Limb Deformity

"Limb deformity" implies that rather than an arm or leg being straight, it is crooked, bowed, shortened, or all of the above. There are many different reasons for a limb to be deformed.

Reasons for Limb Deformity in Children

Sometimes a child can be born that way. This is called a congenital deformity. Examples of congenital limb deformities include congenital femoral deficiency, tibia hemimelia, or fibula hemimelia. Children with clubfeet can be considered to have a congenital limb deformity as well.

Some children may develop limb deformities associated with another condition that they have. For example, children who are born with dwarfisms such as achondroplasia often are bowlegged that can lead to future problems.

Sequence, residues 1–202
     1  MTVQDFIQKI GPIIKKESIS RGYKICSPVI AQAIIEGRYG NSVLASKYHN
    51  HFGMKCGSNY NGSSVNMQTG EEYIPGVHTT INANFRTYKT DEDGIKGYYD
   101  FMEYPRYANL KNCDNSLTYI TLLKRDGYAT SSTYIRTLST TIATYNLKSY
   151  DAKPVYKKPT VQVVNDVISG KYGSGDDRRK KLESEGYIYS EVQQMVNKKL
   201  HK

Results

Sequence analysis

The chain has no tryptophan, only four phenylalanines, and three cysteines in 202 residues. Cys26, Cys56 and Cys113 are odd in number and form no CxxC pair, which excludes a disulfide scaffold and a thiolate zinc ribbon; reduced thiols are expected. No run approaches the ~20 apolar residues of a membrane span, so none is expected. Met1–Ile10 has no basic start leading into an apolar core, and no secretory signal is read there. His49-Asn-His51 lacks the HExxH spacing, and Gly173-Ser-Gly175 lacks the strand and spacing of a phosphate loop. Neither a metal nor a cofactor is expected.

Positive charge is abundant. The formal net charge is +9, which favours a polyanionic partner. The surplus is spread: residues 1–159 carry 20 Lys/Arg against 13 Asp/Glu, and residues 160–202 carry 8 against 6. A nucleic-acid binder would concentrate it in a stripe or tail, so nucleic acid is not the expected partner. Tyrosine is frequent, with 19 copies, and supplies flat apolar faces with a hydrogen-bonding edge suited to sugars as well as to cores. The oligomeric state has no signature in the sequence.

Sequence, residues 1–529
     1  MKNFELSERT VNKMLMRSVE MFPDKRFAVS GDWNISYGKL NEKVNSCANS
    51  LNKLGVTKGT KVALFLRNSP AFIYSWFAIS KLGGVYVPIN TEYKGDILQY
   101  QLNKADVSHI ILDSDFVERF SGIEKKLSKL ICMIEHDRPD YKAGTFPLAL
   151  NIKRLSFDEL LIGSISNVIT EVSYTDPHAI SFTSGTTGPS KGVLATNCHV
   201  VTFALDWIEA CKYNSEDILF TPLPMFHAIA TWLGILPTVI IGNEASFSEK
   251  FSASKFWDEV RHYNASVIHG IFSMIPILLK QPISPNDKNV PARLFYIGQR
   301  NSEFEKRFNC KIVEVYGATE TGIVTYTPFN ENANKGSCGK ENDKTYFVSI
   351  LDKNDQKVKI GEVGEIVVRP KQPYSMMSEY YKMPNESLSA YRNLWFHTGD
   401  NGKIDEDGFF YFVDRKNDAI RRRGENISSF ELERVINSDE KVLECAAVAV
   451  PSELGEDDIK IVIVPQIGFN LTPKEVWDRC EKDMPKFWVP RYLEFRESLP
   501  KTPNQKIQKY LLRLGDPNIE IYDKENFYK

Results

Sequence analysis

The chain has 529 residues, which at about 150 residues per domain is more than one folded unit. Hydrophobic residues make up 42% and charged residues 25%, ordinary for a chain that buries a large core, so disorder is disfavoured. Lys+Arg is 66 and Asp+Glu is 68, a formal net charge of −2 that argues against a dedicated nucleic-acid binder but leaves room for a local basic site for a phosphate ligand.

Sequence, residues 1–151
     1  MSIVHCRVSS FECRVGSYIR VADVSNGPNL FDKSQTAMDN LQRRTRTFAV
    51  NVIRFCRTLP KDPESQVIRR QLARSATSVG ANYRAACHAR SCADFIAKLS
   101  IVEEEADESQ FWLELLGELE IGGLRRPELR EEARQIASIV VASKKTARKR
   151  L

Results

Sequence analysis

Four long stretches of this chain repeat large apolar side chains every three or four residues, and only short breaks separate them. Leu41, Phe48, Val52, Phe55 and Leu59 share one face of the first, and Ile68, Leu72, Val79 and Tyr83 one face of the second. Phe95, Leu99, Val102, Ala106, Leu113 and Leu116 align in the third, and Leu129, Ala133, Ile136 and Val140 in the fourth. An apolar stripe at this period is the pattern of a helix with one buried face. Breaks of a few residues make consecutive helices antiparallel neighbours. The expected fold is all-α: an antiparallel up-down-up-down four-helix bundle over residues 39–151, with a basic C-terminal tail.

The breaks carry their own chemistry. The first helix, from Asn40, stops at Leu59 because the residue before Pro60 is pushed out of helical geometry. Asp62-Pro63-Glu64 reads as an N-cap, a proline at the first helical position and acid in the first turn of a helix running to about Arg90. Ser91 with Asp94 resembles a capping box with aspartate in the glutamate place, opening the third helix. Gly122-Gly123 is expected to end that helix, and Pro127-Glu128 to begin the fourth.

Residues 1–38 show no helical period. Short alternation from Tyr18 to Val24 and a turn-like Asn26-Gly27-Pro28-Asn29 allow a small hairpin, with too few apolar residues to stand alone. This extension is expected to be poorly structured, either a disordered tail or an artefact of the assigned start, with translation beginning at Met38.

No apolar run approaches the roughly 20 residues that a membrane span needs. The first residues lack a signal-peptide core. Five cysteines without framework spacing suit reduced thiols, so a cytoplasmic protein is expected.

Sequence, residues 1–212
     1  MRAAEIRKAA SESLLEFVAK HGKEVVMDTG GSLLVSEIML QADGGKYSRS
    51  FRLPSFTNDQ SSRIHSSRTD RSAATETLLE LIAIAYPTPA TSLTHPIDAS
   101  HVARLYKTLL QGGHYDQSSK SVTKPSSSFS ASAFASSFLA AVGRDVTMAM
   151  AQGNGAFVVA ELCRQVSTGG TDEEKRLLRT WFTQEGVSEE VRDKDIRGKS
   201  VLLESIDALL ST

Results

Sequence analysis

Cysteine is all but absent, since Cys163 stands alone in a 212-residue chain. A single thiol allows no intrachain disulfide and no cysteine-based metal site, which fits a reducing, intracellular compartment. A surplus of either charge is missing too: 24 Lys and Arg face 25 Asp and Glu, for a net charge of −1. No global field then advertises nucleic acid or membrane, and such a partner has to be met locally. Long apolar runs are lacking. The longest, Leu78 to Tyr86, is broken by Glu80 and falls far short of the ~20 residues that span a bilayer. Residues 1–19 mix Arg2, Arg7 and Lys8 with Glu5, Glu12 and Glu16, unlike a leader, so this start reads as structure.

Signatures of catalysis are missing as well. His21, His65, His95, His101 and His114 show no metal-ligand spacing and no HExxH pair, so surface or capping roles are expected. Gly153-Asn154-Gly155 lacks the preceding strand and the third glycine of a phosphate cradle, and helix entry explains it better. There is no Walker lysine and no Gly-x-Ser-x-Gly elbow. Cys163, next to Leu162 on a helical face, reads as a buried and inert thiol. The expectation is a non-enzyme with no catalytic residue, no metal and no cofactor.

Other times, a limb deformity can be acquired, meaning it develops over time.  Similar to congenital deformity, there are many reasons why an acquired deformity can occur. Some of the most common acquired limb deformities are due to fractures (broken bones) or infections. Other deformities occur due to an underlying problem with the bone. Children with rickets have weak bones due to less calcium and phosphate within the bones. Over time, the bones bend as they are weak. A hallmark of osteogenesis imperfecta (known as "brittle bone disease") are limb deformities associated with multiple fractures.

The limb deformity team at Children's Orthopaedics of Atlanta are specially trained to deal with your child's limb deformities. These deformities often require careful planning in order to have a successful outcome. There are many options available for correction, some more complex than others. Please schedule an appointment with us to learn what we can do to help your child.

As mentioned above, limb deformities may be centered around certain joints, or can be due to various conditions. 

Please contact us today to address any questions you may have.

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